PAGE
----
In order to explore ancient casting techniques, a project to research the “Praying Boy” was carried out from 1994—1997. In cooperation with Uwe Rohnstock-Peltz of the Staatliche Museen zu Berlin, the Instituto Centro di Restauro in Rome, and the Giesserei-Institut Aachen, a casting pit was reconstructed in the Italian town of Murlo in 1995. Approximating the ancient conditions to a great extent was meant to provide information about ancient casting methods. The casting was first simulated on the computer, and the data thus obtained was later confirmed in the experiment.

The museum educational service of the Staatliche Museen zu Berlin along with Jürgen Mrosek subsequently designed a film on the casting and post-processing techniques used in the production of large ancient bronzes. It was specifically the hands on investigation of ancient welding and repair techniques that provided information on the state of the technologies of the time and how widespread they were. The images on the so-called “Berlin Foundry Cup”, a ceramic dating from circa 480 BC, were an important source of information. These images include, among others, a depiction of the way that figures to be cast were commonly divided into sections at that time, the method also used in the creation of the “Praying Boy”. The figure was cast in three parts; the head and the plinth with the front halves of the feet were attached afterwards.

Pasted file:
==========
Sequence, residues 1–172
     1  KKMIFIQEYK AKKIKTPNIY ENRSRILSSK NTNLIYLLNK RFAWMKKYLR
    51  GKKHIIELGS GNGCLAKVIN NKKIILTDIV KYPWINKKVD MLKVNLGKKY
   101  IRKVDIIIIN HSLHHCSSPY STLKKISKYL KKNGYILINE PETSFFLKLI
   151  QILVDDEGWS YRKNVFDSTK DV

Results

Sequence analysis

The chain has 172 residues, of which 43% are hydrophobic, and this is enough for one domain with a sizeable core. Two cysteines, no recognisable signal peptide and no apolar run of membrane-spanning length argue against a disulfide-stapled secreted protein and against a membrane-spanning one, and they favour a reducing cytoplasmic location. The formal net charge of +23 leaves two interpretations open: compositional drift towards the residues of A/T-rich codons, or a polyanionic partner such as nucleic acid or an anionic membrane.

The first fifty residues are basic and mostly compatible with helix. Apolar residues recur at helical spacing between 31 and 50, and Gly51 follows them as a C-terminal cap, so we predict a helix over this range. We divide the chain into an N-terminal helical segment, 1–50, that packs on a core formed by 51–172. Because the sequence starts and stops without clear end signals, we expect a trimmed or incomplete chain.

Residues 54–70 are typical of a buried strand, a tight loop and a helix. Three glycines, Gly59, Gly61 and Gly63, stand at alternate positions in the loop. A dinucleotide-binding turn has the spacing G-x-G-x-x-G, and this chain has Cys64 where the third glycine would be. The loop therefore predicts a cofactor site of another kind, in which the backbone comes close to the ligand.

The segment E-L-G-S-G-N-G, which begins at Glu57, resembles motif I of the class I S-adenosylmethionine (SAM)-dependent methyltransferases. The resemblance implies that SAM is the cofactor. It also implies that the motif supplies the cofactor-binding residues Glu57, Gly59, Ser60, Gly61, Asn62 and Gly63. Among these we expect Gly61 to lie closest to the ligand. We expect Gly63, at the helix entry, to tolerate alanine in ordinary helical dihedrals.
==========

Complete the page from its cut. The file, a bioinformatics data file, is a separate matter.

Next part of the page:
For a long time, there had only speculations about welding methods used in the past. The welding techniques employed today have only been in use since the 19th century. Until that time, metal joints were mostly created using the dip-overlay method: the two parts were notched and than metal was spilled over them. This technique is, however, not really welding, in which the metal forms a homogenous connection with the weld metal. The “Praying Boy”, nevertheless displays true welding joints at the points where sections were joined; they are probably executed in the crucible welding method. In crucible welding, sprues are attached at the points to be welded and flushed with bronze until the surrounding metal is evenly heated and forms a connection with the casting metal.

The Kunstgiesserei performed various tests in order to verify ideas about this technique. For a documentary film, the casting and all the post-processing techniques, such as patination, welding and cold work were executed as they were in ancient times.

Literature at the Art Library Sitterwerk